As of now — in part because three targeted candidates withdrew before interviewing — the recruiting process for John Paxson’s soon-to-be vacant role has seemingly been narrowed down to two choices: Utah Jazz general manager Justin Zanik and Denver Nuggets general manager Arturas Karnisovas.
Zanik has formally interviewed, with Karnisovas to do the same later this week. While we know little about the interview process itself, we’ve been told to expect the Bulls to move quickly on a hire.
In some respects, it’s refreshing to see the Bulls move this way on a legitimate franchise-changing decision, doing so by scanning the market for available executives before any other team has a chance to follow suit. Such a move may create a competitive advantage, but it’s also fair to question if this is all moving a little too quickly.
Perhaps that is simply past skepticism of change ever occurring during a Reinsdorf reign. Still, is it not odd that the Bulls have suddenly shifted in a matter of days from allowing Paxson to be one of the most tenured and untouchable executives in the league, to now honing in and choosing their next head of basketball?
For better or for worse, as a player, analyst, and an executive, John Paxson has been with the Chicago Bulls for over 30 years. If it felt that like he was never going to leave, it’s because he wasn’t. Not when the ever-loyal Reinsdorf clan held him in such high regard.
But now Joe Cowley of the Sun-Times suggests there could be an upcoming Bulls reality that doesn’t include Paxson at all, if the new hire sees that as how they want to proceed. While this is an encouraging development, we should still be operating under the assumption that Paxson will remain with the franchise. It also means little until we know who will be running the Bulls for the foreseeable future.
This swift change in philosophy may prevent proper due diligence, though there is some solace to be had in Zanik and Karnisovas being the two most prominent names linked.
Comparing the two, it’s Karnisovas that appears to be everything the Bulls should want and need in their next hire. And acccording to Vince Goodwill of Yahoo Sports, Karnisovas the “clear leader” over Zanik.
Rising through the ranks of the Nuggets’ front office since 2013, Karnisovas has been an influential presence in successfully building a young, competitive team through the draft, most notably with the selection of All-NBA center Nikola Jokic. More importantly, the talent the Nuggets have brought into the franchise have all developed into quality pros. While player development may not be directly attributable to Karnisovas — or any other single executive — putting in place quality coaching, player development and scouting staffs is critical for any management executive, something the Nuggets have clearly done, and something the Bulls so desperately need.
It doesn’t stop there. Who could forget the now infamous draft day deal which saw the Bulls exchange Gary Harris and Jusuf Nurkic for Doug McDermott. Remember that? Of course you do. We have John Paxson and Gar Forman to thank for negotiating such a terrible deal, one Karnisovas and Nuggets president of basketball operations Tim Connelly exploited to build out their young core.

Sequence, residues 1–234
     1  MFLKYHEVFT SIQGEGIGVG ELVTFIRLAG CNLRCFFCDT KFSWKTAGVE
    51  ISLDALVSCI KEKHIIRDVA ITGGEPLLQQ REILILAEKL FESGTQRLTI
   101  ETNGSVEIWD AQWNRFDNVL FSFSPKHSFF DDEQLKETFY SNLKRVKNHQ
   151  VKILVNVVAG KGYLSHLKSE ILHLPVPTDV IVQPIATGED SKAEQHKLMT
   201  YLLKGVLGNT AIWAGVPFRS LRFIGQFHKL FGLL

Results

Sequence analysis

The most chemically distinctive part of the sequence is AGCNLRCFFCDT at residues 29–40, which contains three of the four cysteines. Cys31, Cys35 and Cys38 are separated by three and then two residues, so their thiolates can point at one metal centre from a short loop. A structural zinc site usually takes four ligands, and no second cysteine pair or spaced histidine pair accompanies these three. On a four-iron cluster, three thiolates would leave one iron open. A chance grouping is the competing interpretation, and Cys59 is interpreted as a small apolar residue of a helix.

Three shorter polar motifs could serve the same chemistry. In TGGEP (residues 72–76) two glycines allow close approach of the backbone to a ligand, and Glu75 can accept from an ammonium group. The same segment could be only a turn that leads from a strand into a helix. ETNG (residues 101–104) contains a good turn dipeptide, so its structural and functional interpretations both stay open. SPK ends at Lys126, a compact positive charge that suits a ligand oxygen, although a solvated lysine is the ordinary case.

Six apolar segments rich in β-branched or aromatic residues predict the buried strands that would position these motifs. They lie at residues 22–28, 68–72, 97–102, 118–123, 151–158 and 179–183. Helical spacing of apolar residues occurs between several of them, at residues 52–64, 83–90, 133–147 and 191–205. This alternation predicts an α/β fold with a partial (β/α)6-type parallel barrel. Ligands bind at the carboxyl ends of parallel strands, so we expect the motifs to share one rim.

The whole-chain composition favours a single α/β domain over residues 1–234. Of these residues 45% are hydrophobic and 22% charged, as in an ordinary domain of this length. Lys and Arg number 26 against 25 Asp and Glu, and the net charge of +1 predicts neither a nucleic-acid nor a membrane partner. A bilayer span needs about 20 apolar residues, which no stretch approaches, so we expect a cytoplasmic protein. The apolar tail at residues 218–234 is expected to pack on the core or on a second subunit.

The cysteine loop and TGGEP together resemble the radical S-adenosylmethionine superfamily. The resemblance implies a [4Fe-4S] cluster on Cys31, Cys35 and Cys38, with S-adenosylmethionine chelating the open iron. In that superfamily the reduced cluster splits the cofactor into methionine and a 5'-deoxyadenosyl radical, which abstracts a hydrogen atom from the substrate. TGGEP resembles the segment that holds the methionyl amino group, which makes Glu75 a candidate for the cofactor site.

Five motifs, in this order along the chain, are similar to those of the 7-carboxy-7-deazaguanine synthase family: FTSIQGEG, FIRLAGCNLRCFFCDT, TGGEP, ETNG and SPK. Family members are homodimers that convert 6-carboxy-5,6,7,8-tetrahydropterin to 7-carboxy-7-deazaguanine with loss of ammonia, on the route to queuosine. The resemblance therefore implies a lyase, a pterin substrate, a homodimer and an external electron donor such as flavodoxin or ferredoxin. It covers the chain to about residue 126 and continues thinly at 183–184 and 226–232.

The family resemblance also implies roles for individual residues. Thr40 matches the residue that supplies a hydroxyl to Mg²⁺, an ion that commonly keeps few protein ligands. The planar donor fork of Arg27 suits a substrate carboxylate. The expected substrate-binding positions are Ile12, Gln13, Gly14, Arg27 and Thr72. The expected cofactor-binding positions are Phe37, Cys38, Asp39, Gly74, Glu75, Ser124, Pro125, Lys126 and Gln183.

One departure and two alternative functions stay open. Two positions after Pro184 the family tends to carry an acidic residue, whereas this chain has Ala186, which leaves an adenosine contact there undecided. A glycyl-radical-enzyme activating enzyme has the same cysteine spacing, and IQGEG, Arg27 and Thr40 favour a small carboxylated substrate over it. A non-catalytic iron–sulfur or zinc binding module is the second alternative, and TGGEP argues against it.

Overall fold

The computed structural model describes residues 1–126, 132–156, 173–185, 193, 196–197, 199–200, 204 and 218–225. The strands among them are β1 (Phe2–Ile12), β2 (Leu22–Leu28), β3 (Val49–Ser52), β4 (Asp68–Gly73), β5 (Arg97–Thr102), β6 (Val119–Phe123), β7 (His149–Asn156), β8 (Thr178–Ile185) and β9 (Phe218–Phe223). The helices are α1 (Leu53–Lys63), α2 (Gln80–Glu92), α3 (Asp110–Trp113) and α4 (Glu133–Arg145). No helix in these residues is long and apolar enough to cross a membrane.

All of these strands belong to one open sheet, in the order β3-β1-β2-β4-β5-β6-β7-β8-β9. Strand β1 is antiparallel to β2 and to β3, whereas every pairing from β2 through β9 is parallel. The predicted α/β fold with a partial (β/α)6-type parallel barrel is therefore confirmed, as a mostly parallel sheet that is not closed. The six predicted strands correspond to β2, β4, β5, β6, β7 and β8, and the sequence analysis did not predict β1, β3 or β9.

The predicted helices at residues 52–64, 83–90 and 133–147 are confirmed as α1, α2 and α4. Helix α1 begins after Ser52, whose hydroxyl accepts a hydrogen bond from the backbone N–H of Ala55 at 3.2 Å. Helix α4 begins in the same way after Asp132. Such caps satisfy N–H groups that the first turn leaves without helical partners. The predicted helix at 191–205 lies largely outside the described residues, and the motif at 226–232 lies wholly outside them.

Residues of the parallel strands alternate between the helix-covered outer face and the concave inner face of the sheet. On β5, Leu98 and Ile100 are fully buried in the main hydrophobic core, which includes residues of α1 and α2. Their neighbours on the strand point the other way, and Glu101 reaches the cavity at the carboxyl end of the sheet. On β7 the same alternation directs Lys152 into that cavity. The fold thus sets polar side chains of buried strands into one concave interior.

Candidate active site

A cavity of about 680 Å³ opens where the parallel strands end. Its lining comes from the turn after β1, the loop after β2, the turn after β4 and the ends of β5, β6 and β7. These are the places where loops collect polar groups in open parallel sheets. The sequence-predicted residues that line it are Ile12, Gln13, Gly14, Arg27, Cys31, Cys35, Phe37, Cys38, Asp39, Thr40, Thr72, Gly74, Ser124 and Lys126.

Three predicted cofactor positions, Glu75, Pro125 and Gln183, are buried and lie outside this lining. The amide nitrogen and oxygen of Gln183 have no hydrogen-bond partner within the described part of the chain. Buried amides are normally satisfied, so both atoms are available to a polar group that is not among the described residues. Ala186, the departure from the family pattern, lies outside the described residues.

The Bulls have also tried to rebuild their franchise through the draft and trade market while avoiding the pitfalls of playing chance in free agency. But they failed, while in Denver such a model has been successfully implemented.
While Zanik is a respected executive who has a wealth of experience as a player agent, the resume Karnisovas has built is hard to overlook. In fact, it’s much simpler to identify and interpret the work Karnisovas has been involved in given his long tenure with the Denver Nuggets is easier to trace, particularly when comparing this to Zanik.
Like Karnisovas, Zanik has been an integral member of a well-run organisation built through the draft. The Jazz are a legitimate playoff team in a tough Western Conference, one Zanik returned to in 2017 after a short stint in Milwaukee. With this in mind, how much of the Jazz’s recent success is attributable to Zanik or his boss, Dennis Lindsey? Given his short tenure in Milwaukee, it would also be hard to credit any of the dominance the Bucks have had over the past two season to Zanik, either.
While Zanik comes with high praise and credentials, we can’t forget that it was only last week that Johnson also reported the Bulls would not be interested in candidates “with any ties to player agency.” Zanik, who previously worked as a player agent (represented former Bull Omer Asik), was initially ruled out from consideration, yet only days later is the first to interview. This development is an oddity at best and a glaring concern at worst.
Zanik also has the stench of cronyism. His time as an agent was under Mark Bartelstein, who just so happens to be good friends with Jerry Reinsdorf. All three have Northwestern ties, and Michael Reinsdorf is on the board of trustees there (where Collins’ son is the head basketball coach). That not-so-subtle link may be unfair to hold against Zanik, but we can’t ignore it.
Irrational or otherwise, those fears do not exist with Karnisovas. Not only does he not have any clear connection to the current maligned establishment, Karnisovas’ executive career began with the Houston Rockets, a forward-thinking franchise who has behaved and managed their franchise in a way the Bulls would never dare. That fact in itself is refreshing, and if bringing in a new voice who has experience with best practices from around the league is atop of Reinsdorf’s criteria list, Karnisovas’ history with the Rockets and Nuggets suggest he would be a quality hire.